Regents approve 2.7 percent increase to in-state tuition rates

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Interim Athletic Director Jim Hackett speaks in favor of the tuition increase at the Union Thursday. Buy this photo

By Jackie Charniga, Daily Staff Reporter
Published June 18, 2015

The University Board of Regents met for their June meeting Thursday in the Anderson Room of the Michigan Union where they discussed the $1.83 billion University budget for the 2015-2016 fiscal year.

Approved proposal to increase tuition rates

Regents approved a proposal to increase tuition costs for students in fall 2015.

Spearheaded by Provost Martha Pollack, the General Fund Operating Budget proposal called for a 2.7 percent increase on in-state and graduate tuition rates, and a 3.7 percent increase on out-of-state tuition rates to account for an 8 percent increase in undergraduate financial aid totaling $70,000.

The proposed increase, Pollack said, would help secure academic excellence and student access.

“We must continue to have capacity to provide our students with a world class education that prepares them to drive in the 21st century, and we must continue to invest in financial aid to ensure access to all qualified students,” Pollack said. “This budget emphasizes these goals, while continuing to our cost containment efforts and our strategic use of philanthropic resources to moderate tuition increases.”

Regents approved the proposal in a 6-1 vote.

Regent Andrea Fischer Newman (R–Ann Arbor), who voted against the proposal, expressed her concerns about increasing tuition rates.

“Some parents are able to provide their children with the financial resources necessary to pay room, board, tuition fees and books,” Newman said. “For others, higher education is out of the question without loans, grants and other forms of aid.”

Newman also pointed out that it's the regents who make these decisions about tuition, not the state and not Federal government.

“Continuing to push for more federal and state spending is not the answer, but just a shrinking subsidy to an ever-growing budget,” Newman said. “We need to fix this problem or we are going to price the middle class out of higher education, or burden them with so much debt they’ll never get out.”

Regent Mark Bernstein (D–Ann Arbor) defended the budget, arguing that through the lens of a fair and socially just perspective, the proposed budget is prudent, modest and reasonable.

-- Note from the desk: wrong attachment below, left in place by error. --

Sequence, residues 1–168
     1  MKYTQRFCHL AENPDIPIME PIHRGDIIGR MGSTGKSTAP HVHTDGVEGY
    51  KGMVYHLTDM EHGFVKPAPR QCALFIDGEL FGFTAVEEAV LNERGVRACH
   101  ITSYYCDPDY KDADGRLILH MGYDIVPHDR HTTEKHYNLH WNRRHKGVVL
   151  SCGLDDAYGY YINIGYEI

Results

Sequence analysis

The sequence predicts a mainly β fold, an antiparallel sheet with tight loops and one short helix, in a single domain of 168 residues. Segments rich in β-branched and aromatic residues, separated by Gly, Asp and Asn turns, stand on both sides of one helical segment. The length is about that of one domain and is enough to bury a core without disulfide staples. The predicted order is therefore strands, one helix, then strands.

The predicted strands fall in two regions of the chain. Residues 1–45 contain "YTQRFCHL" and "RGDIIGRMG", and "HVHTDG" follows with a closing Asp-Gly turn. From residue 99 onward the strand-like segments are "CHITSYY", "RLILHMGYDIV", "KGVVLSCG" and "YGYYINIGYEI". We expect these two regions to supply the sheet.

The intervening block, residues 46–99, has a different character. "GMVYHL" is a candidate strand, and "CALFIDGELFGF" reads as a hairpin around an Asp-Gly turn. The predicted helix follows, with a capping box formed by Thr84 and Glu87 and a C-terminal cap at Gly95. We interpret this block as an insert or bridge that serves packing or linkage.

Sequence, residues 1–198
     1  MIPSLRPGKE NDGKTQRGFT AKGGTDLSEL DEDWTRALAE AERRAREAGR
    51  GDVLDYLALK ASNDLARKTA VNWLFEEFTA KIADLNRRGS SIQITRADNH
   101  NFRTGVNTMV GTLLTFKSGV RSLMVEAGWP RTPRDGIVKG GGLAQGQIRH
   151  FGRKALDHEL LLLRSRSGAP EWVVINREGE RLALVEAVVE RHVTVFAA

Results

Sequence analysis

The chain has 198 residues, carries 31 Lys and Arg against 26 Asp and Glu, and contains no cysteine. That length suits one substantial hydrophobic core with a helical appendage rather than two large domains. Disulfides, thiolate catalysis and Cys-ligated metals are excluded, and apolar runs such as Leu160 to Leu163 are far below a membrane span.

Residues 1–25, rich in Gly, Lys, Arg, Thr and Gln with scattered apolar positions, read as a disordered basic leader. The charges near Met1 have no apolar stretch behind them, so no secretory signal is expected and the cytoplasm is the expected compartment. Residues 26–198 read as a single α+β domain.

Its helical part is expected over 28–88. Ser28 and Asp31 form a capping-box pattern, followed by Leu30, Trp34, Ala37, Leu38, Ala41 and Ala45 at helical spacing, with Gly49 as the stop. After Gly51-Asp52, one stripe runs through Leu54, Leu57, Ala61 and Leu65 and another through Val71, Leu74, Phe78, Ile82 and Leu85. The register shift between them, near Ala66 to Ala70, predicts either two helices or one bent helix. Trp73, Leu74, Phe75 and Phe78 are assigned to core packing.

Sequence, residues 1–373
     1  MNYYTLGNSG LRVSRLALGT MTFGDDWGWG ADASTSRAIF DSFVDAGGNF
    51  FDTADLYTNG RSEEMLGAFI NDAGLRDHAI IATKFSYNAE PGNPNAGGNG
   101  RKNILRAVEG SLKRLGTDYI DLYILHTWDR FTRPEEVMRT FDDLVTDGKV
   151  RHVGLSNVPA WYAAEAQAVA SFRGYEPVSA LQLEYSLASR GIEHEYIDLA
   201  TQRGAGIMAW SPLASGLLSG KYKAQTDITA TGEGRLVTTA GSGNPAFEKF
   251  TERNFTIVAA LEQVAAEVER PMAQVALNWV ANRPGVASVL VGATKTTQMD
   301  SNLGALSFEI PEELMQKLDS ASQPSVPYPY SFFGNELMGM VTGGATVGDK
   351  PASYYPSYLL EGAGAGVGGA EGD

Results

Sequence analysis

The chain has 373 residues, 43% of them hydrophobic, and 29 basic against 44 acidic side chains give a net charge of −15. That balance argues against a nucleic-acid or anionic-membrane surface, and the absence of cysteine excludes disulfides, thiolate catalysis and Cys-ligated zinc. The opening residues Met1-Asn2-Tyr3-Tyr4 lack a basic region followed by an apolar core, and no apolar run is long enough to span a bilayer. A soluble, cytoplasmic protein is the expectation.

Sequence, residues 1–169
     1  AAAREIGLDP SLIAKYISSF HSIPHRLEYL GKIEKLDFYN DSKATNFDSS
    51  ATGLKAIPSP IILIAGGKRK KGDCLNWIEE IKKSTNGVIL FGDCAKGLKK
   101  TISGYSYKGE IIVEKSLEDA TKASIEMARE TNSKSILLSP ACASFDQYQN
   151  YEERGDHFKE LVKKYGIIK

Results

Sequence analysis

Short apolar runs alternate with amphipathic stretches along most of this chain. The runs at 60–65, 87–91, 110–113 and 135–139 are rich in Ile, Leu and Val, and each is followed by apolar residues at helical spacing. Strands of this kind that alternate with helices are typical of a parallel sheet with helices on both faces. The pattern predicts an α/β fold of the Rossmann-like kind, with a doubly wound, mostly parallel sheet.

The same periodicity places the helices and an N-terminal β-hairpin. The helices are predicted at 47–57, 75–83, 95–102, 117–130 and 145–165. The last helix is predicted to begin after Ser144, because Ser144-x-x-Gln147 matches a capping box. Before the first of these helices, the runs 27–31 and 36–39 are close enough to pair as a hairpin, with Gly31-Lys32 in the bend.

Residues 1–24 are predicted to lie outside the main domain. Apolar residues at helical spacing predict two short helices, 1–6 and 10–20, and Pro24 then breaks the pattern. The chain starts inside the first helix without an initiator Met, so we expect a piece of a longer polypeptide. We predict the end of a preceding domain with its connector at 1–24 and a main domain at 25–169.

Bernstein stressed the need for the regents to stop being defensive about tuition and to instead focus on being more proactive individually.

“We hear a lot about how much college costs, and public concern for this is obviously understandable. But what gets lost in this conversation very frequently is that this focus on tuition is largely figuratively and literally superficial,” Bernstein said.

He also highlighted how the tuition increase should benefit lower income students.

Bernstein continued, “For me, what is essential for making college affordable is making college affordable for students who need the most help making it affordable.”

Bernstein stated that net tuition, what students and families actually pay, should have been the primary consideration when creating the budget.

“Low income middle class students desperately need this [financial] help,” Bernstein said. “Let me be blunt: wealthier families don't. Of the $11 million dollars, average net tuition of this University is down $1,000. It’s lower here than Grand Valley, MSU.”

Regent Laurence Deitch (D–Bloomfield Hills) said regents need to challenge themselves for alternative forms of revenue than hiking up tuition.

“We’re lucky at this place compared to our peers in Michigan, our historical excellence, attraction of strong students of means internationally,” he said. “This is what gives us power at this table.”

Citing his baby boomer roots, Deitch spoke of the bygone era of students being capable of paying tuition with part-time work.

“I defy you to find a summer job that’s going to help you pay what you’ve gotta pay,” he said.

Regent Michael Behm (D–Grand Blanc) stated that while he will be voting in favor of this budget, he also wanted to express concern about the dangers of raising tuition costs.

“My loan payments were twice the amount of my wife’s and my mortgage. I don’t want to repeat what everyone said, but it is the people in the middle we’re worried about here,” he said.

Aside from the tuition increase, Pollack said the budget proposes “strategic academic excellence” investing in data science initiative, and the health education program. Pollack emphasized the change in the budget would be implemented with “an eye towards emphasizing the middle class.”

Pollack also said the budget proposed “aggressive steps to monitor tuition rates” with donors, working to develop alternative revenue sources.